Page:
ARP Spoofing Attacks: Why Are They Dangerous And How To Prevent Them


ARP spoofing attacks have been around for a long time. Also known as ARP poisoning, it is a type of attack that focuses on the local network. It involves sending out malicious ARP packets targeted at the default LAN gateway. If the attack is successful (as is often the case due to its hard-to-detect nature), the attackers can access one of the devices connected to the network.

That being said, there is something you can do to protect yourself, and you’ll learn about it today. But first, the basics.

The Basic Premise of ARP Spoofing

It’s important to understand the process a bit better before you discern the optimal way to protect yourself from ARP spoofing. So if there’s one thing to keep in mind, it’s this: once an attacker connects to your network, they can be the one to receive data that was intended to be sent to another (legitimate) destination.

There is no simple way to detect these attacks. Your best bet is to look for traces of abnormal activity on your computer. The good news is that every ARP spoofing attack tends to follow a similar pattern. Once you are familiar with different versions of these attacks, you stand a better chance of spotting them.

3 Types of ARP Spoofing Attacks

  • Session hijacking. Once the attacker steals your session ID, it grants them direct access to your data. Unless you’ve already asked yourself, “know what is my IP” and figured how to conceal it by using a VPN, it’s best to avoid potentially insecure Wi-Fi networks like the ones at a random coffee shop or airport.
  • Denial-of-service-attacks. The end goal of these attacks is to mess with your resources and interrupt what you are doing. A typical scenario is when a hacker targets your server by overwhelming it with useless data. It renders your server or website inaccessible to your audience for the duration of the attack.
  • Man-in-the-middle attacks. These attacks use ARP spoofing to gain access to the session via intercepting legitimate user traffic.

Things You Can Do To Protect Yourself

1. VPN
Your data stays safe from most ARP spoofing attacks if you connect to the internet through a virtual private network (VPN). By doing so, everything you send and receive goes through an encrypted tunnel. That way, your activity stays hidden from the prying eyes of those who don’t have your best intentions at heart.

2. Static ARP
Keep in mind that it’s not a bulletproof method. But you’ll be a lot safer when overriding your server’s default settings and creating a static ARP entry. It serves as an additional layer of protection. If you exchange data between the same two servers on a regular basis, it makes sense to have it in place.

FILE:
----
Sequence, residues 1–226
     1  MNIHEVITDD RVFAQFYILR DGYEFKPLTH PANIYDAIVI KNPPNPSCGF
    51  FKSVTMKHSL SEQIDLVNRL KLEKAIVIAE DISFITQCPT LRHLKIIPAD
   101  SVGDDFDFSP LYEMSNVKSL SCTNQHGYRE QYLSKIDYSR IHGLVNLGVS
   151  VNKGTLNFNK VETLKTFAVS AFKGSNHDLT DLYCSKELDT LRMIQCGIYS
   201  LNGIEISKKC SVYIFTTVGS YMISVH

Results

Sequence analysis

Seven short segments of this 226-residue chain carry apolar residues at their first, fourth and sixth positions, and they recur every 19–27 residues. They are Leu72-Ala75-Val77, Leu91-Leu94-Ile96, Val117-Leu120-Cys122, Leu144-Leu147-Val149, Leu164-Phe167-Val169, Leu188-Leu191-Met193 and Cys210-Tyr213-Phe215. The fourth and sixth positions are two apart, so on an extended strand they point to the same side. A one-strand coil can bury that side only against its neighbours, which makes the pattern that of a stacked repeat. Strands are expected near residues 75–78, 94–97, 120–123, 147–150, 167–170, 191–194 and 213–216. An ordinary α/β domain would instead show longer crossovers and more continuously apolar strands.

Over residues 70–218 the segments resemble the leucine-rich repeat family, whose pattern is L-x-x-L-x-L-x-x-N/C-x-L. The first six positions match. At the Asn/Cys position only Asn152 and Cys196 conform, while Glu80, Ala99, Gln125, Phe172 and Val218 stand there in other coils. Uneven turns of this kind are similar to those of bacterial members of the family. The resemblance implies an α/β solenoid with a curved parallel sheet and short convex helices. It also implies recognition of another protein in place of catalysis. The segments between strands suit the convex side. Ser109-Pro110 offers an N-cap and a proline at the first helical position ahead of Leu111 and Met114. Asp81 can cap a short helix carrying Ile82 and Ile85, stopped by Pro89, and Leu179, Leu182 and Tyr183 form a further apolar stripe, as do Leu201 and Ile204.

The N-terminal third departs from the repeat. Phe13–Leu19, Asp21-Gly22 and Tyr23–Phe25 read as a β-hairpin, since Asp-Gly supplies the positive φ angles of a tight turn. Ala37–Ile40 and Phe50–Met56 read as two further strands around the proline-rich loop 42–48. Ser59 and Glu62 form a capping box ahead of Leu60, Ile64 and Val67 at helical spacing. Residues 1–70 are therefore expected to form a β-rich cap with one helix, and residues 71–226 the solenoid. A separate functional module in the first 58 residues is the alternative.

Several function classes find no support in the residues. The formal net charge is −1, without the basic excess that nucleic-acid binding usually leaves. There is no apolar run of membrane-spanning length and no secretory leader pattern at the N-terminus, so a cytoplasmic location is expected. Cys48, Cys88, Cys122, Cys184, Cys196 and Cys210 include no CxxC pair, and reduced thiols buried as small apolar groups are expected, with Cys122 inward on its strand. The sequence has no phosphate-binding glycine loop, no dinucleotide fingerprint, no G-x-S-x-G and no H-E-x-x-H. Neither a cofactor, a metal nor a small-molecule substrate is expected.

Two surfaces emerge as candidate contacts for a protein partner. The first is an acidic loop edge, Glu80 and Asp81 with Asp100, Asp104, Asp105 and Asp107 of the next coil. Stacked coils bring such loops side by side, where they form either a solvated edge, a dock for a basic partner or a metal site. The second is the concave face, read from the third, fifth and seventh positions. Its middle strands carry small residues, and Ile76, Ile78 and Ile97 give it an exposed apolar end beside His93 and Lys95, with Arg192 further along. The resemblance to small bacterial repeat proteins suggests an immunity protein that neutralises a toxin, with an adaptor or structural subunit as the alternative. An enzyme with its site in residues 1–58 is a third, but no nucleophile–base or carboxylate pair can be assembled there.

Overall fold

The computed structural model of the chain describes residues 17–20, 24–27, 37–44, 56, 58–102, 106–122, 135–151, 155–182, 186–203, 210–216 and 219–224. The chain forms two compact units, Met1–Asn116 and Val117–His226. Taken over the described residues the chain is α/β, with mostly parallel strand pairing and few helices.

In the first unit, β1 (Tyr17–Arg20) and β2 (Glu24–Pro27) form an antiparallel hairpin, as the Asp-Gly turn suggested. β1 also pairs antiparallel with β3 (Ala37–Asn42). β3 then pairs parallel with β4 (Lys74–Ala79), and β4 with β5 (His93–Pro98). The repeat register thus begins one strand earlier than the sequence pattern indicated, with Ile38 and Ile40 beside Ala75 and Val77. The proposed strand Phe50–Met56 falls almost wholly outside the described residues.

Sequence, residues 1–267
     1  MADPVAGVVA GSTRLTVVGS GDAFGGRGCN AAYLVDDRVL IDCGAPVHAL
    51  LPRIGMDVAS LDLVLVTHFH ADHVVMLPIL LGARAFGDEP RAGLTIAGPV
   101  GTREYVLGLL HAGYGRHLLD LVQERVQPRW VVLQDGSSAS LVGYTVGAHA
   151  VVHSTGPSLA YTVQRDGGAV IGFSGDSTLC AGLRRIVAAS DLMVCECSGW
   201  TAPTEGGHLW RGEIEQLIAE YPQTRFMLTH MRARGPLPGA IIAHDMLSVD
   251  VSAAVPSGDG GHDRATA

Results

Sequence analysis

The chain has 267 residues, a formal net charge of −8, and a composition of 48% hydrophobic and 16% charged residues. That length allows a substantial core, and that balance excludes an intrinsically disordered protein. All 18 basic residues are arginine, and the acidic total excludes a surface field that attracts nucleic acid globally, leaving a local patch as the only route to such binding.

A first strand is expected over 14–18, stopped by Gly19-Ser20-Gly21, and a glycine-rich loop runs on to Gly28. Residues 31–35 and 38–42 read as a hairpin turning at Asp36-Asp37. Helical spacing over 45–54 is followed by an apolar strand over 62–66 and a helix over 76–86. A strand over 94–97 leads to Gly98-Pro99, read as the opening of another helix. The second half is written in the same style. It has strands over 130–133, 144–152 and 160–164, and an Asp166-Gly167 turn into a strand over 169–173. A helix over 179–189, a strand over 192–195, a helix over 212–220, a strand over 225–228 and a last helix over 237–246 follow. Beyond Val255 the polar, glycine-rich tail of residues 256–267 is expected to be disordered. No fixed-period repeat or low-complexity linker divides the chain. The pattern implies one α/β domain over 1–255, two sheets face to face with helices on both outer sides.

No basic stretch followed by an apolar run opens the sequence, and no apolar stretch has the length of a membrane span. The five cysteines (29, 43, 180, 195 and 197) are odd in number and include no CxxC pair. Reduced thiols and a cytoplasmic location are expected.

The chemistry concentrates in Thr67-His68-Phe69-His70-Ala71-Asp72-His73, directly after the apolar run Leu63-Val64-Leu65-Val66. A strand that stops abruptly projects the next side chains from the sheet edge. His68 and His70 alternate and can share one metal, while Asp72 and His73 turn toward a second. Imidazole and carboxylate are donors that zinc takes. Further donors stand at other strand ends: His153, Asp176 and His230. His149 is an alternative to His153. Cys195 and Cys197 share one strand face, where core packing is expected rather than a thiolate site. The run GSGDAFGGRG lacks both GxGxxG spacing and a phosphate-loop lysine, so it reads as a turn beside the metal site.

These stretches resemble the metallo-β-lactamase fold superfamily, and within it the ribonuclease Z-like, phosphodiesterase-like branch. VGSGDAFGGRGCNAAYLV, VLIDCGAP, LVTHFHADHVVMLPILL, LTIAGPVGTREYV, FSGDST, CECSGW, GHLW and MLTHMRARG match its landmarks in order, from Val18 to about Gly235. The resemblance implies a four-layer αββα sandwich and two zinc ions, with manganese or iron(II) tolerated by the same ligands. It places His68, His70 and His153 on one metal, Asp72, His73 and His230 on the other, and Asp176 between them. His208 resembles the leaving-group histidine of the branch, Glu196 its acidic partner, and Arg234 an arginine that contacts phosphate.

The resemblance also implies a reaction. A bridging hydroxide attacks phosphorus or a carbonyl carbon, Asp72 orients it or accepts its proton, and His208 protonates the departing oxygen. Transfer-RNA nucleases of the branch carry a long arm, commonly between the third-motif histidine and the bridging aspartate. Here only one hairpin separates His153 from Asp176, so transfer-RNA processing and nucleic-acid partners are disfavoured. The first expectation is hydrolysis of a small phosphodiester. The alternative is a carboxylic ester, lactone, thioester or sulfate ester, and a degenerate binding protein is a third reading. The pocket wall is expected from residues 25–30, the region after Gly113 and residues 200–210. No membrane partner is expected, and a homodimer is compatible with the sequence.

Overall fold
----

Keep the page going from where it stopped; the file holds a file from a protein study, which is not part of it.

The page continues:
3. ARP detection tools
Due to how refined hackers are becoming at executing their attacks, being able to detect them is not always a given. Although your focus should lie on prevention, it’s important to invest a bit of that time and energy into detection. Many third-party ARP detection tools on the market can help you achieve that.

4. Avoid IP trust relationships
In a way, ARP spoofing relies on taking advantage of your trust. When connecting to other devices, it’s a good idea to set things manually, even more so if you intend to run a business network. Alternatively, set up a login system that requires passwords should also work fine.

5. Packet filtering is your friend
ARP spoofing involves sending ARP packets containing the hacker’s MAC address that pretends to be something else. Knowing that you should set up packet filtering. By checking that all packets contain zero traces of poisoning before they reach their intended destination, you can keep the network clean. It prevents hackers from doing their ill-intentioned deeds and launching any consequent attacks.

The Bottom Line

Besides everything said above, check whether antivirus tools you already have installed come with some built-in ARP spoofing protection. To learn more about how this attack works, you could even set up a dummy machine with protection measures to see if you can compromise its security. As long as the device is something you own, nothing illegal will be taking place. And you will learn a great deal about whether your anti-ARP spoofing measures stand or cave in under pressure.


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